Will beef actually get from Alberta to South Korea?

Before either the federal or provincial governments could officially respond, Ontarios provincial opposition leader, Tim Hudak, slammed any funding for Chrysler, calling it corporate welfare, extortion and ransom.  Both official levels of government were stunned and Chrysler immediately withdrew its request, claiming that it was not prepared to become a political football.  Mr. Hudak, who is fond of complaining about Ontario losing its industrial base and jobs, needs to reflect on his behaviour and how he has shown himself to be unfit for the job of premier of this province.  And his party needs to show him the door before the next provincial election, something a number of PC party members have already contemplated. 

There will be winners and losers from this South Korean trade deal.  While some beef and pork producers from Ontario and Quebec may see increased sales, most of the meat products will come from the west, primarily Alberta.  On the other hand, Ontario auto makers Ford, Chrysler and GM, will losHudak needs to reflect on his behaviour and how he has shown himself to be unfit for the job of premier of this province.e sales to even cheaper Hyundai and Kia models, depressing both employment and provincial incomes.

Why would the federal government be so keen on adding more jobs into Albertas booming economy and driving up inflationary pressure there?  And why are the feds OK with further depressing Ontarios economy – the latest entry into the economic have-notclub?  It makes no economic sense, something that Ford and the Ontario government have been saying.  And that is perhaps the reason this South Korean deal, which had been started a decade ago, had been left sitting on the shelf until now.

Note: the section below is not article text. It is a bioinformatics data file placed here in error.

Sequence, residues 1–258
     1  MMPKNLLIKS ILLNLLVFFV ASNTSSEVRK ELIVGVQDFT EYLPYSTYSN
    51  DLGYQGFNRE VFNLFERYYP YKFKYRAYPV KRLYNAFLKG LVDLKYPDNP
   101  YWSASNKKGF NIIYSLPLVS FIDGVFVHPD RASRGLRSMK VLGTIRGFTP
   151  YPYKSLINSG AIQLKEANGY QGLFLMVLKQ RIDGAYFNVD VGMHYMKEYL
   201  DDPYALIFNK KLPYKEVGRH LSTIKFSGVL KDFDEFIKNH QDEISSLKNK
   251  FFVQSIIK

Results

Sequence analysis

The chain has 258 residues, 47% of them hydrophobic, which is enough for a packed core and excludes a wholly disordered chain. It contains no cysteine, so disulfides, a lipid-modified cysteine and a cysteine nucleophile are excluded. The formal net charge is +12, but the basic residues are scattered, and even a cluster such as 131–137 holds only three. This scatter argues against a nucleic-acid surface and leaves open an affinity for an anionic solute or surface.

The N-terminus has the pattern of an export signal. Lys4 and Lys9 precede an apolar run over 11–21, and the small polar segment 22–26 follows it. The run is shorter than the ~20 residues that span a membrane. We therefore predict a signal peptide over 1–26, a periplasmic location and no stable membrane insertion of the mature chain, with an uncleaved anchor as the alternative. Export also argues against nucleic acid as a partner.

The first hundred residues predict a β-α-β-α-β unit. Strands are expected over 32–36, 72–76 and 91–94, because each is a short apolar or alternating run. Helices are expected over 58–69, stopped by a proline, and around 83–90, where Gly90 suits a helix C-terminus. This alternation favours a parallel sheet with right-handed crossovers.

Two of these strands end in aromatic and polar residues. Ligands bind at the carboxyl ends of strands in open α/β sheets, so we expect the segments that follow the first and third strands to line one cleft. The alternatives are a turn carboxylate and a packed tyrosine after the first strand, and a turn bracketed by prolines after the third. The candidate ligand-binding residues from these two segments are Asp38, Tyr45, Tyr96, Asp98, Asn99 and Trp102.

This is not only bad economic policy, it is patently unfair – unfair that a trade deal will benefit one province, one where the PM happens to reside, at the expense of another.  Watching Quebecs PQ government set the ground work for another sovereignty referendum, perhaps as early as next year, it is useful to reflect on what we tell Quebecers to expect by voting to stay in Canada.  If it is not fairness, then what?

 Background links:

Premier Peterson      US Korean Trade Pact      Free Trade and Jobs      Auto Sector Worries     Harper Slams Ford   Harper Takes on Ford

Hudak Slams Chrysler     Chrysler Backs Out

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2 comments to Rivers: “trade deals have inadvertently contributed to the de-industrialization of Canada.”

  • John Coakley

    Right on! We just must get rid of this PC government – they are wrecking Canada, especially Ontario.

  • Tony Pullin

    Agreed, it is known that South Korea does not play fairly with regard to the auto trade sector. As for Chrysler, you can rest assured that their sites are set on long term costs. Taxes and hydro costs will be two of the big considerations going beyond 2016. Premier Wynne’s offer of $700m was refused because Chrysler admitted they did not need it. Had she done due diligence first, she would not have been surprised, and Hudac is not the Premier.